NATIONAL BUREAU OF ECONOMIC RESEARCH
NATIONAL BUREAU OF ECONOMIC RESEARCH
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Martin Beraja

Department of Economics
MIT
77 Massachusetts Avenue
Cambridge, MA 02139
Tel: 312/659-6368

E-Mail: EmailAddress: hidden: you can email any NBER-related person as first underscore last at nber dot org
NBER Program Affiliations: EFG
NBER Affiliation: Faculty Research Fellow

NBER Working Papers and Publications

March 2017Regional Heterogeneity and Monetary Policy
with Andreas Fuster, Erik Hurst, Joseph Vavra: w23270
We argue that the time-varying regional distribution of housing equity influences the aggregate consequences of monetary policy through its effects on mortgage refinancing. Using detailed loan-level data, we show that regional differences in housing equity affect refinancing and spending responses to interest rate cuts but that these effects vary over time with changes in the regional distribution of house price growth. We then build a heterogeneous household model of refinancing with both mortgage borrowers and lenders and use it to explore the aggregate implications for monetary policy arising from our regional evidence. We find that the 2008 equity distribution made spending in depressed regions less responsive to interest rate cuts, thus dampening aggregate stimulus and increasing regi...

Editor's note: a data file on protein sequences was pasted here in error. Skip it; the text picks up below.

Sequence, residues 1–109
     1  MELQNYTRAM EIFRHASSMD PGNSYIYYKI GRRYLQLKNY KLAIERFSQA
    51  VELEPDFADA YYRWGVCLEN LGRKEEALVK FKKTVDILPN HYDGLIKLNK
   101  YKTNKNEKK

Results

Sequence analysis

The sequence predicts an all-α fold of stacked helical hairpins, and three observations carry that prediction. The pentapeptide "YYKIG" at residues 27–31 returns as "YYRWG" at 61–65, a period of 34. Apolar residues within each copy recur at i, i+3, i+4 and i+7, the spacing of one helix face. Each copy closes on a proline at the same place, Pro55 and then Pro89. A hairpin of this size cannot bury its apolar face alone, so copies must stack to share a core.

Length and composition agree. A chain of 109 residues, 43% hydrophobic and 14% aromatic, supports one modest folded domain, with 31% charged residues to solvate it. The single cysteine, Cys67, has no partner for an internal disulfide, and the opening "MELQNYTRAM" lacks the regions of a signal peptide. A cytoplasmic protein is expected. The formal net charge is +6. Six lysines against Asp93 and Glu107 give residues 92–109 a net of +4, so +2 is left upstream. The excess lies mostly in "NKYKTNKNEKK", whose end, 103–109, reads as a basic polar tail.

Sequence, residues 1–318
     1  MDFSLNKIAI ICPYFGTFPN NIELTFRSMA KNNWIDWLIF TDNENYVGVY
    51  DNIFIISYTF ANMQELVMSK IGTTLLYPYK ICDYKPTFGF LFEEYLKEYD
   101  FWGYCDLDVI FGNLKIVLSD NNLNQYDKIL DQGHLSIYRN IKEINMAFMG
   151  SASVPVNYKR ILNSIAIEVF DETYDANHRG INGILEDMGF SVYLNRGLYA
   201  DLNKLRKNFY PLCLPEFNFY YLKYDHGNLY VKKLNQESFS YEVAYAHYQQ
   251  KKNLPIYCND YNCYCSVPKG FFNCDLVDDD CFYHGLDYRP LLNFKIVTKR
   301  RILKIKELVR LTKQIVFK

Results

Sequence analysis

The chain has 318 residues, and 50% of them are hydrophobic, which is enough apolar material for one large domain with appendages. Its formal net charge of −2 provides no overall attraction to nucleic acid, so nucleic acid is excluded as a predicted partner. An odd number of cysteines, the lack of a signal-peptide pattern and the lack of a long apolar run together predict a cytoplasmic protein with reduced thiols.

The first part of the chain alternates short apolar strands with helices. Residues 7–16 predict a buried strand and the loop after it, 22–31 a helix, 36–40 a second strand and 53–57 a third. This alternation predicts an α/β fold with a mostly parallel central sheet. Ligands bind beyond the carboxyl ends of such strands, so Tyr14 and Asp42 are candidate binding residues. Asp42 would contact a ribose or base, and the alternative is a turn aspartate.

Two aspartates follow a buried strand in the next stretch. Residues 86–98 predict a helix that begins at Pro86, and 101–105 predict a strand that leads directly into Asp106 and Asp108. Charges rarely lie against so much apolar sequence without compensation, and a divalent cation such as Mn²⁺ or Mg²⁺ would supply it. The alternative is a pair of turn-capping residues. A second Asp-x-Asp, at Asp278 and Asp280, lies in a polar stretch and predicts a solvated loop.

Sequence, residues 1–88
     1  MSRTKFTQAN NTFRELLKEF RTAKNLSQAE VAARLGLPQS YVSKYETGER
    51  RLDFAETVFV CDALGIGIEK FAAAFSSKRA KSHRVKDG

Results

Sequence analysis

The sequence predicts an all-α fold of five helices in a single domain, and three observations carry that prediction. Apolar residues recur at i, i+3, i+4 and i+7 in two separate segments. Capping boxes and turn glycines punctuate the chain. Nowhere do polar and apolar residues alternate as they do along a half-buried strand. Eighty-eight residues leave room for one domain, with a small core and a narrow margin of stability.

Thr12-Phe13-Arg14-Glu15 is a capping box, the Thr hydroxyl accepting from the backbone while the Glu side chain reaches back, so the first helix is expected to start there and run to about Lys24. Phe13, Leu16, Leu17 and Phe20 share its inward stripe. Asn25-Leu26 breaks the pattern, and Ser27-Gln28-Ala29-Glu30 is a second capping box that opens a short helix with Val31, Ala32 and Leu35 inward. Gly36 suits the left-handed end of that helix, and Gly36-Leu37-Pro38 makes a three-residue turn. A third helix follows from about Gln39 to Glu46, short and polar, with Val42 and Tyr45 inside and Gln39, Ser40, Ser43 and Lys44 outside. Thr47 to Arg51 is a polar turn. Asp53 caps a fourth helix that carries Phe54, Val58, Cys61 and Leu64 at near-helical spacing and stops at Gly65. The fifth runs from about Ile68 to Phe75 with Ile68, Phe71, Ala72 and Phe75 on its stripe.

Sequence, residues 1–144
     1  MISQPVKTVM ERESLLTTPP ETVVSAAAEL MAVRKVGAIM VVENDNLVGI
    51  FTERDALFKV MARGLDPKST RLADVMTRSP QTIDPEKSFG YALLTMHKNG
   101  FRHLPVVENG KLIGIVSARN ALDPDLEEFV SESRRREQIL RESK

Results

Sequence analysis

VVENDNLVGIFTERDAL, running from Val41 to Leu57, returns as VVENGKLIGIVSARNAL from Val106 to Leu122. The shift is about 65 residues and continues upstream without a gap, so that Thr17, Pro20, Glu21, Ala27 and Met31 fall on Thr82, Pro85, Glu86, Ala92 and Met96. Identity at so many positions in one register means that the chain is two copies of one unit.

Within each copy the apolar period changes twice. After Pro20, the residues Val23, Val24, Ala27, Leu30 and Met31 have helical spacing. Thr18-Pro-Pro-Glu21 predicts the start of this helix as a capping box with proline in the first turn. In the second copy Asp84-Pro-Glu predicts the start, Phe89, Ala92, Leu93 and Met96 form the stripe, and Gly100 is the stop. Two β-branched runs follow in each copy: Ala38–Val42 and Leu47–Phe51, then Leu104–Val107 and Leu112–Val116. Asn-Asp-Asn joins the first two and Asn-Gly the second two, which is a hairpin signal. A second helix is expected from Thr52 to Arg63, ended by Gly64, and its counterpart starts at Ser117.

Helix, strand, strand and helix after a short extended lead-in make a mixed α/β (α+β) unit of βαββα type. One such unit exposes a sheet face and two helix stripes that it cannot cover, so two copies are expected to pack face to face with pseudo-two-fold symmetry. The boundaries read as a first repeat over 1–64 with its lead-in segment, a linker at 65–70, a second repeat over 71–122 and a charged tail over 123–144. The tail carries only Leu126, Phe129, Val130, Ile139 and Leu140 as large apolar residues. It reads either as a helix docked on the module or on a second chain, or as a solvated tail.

February 2016The Aggregate Implications of Regional Business Cycles
with Erik Hurst, Juan Ospina: w21956
Making inferences about aggregate business cycles from regional variation alone is difficult because of economic channels and shocks that differ between regional and aggregate economies. However, we argue that regional business cycles contain valuable information that can help discipline models of aggregate fluctuations. We begin by documenting a strong relationship across US states between local employment and wage growth during the Great Recession. This relationship is much weaker in US aggregates. Then, we present a methodology that combines such regional and aggregate data in order to estimate a medium-scale New Keynesian DSGE model. We find that aggregate demand shocks were important drivers of aggregate employment during the Great Recession, but the wage stickiness necessary for them...
 
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